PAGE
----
Tuesday, June 17, 2008
my dog in the newspaper!
my dog, music, is the pretty one looking directly at the camera and posing. this was in today's ny post.
ON any given Sunday at the Church of the Holy Trinity on the Upper East Side, the choir sings a melodic hymn while one congregant chimes in with an enthusiastic jangle of his collar.
He's Music, a golden retriever and regular parishioner. And he's not the only dog in attendance; he's joined by four fellow canines and their human counterparts as they all celebrate in harmony.
Dogs have come a long way - once made to stay outside, they're welcome at some stores, hotels, boutiques. And now, church.
While dogs have
traditionally been allowed in churches for the Blessing of the Animals each October, many congregations are now welcoming canines at weekly services.
"It started because a parishioner was sick one weekend and felt like she could either take her dog for a walk or go to church, but not both," says the Rev. Michael Phillips, rector of the Church of the Holy Trinity.
"Then she thought, 'Why not combine them?' and she brought her dog to church. It's been happening ever since."
Jennifer Goodnow understands how some outsiders might be surprised by the multispecies congregation.
"I met a newcomer once who started going to the 8 o'clock service, and she thought it was a service for the blind because there were so many dogs," says Goodnow.
The majority of dog-toting parishioners claim they bring their pets to church as family members, rather than guests. "We're pretty active in this church," says Pam Synk, a Holy Trinity parishioner for more than 15 years and owner of Goldie, a yellow Lab.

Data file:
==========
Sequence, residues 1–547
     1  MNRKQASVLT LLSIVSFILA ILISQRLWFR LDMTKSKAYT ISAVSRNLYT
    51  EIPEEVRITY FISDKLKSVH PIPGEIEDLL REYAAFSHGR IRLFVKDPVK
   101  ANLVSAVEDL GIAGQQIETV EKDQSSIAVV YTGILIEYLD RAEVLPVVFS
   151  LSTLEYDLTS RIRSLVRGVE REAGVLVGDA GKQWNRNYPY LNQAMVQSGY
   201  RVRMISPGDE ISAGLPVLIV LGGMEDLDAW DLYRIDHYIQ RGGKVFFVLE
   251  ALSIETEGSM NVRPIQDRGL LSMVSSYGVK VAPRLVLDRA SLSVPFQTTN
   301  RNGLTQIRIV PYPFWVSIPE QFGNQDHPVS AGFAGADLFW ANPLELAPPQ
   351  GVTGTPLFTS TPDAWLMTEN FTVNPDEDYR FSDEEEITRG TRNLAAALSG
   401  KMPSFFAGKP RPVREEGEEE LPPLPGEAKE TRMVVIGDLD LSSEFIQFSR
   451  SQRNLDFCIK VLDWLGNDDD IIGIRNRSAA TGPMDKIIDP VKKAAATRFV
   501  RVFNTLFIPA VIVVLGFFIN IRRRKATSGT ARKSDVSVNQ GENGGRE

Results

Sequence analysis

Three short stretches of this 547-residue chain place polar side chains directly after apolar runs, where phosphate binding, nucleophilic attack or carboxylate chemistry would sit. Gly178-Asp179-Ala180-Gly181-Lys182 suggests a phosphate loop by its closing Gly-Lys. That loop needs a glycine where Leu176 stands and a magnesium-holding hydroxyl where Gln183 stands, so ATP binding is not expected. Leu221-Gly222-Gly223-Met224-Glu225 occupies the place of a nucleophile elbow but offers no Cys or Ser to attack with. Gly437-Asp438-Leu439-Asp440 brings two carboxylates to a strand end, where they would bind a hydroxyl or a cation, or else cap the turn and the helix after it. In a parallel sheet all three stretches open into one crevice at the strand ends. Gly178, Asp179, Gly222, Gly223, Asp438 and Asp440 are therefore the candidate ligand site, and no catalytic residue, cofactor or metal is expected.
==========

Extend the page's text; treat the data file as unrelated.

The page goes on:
"You start becoming more active when you're pulled in by your children. You try to make it a fun, family place for them, and the dog is part of our family, so we all go together."
What does the nonpet-owning population think about the canine addition? Phillips says that in his three years as rector, he has heard only one complaint, from a parishioner who suffered from allergies to pet dander. Otherwise, the animals have been welcomed with open arms.
"You come to church to have good thoughts, not be cross," says Kit Bradshaw, a 90-year-old dog-free congregant.
There's even potential for pup proselytizing. "Rocco is my neighbor's dog," says Goodnow, pointing to the Boston terrier sprawled in the aisle. "He is culturally Jewish but not practicing. I think he's ripe for conversion because every time I take him, he just stares at the altar with his jaw open. He is so into it."
Rocco's conversion will have to wait for another day, because the Mass has come to an end.
The choir has paraded down the center of the church in a final, thunderous song. The altar boys followed behind, and as the clergy came to the end of the aisle, each reached down in acknowledgement of their furriest congregants with pats on the head.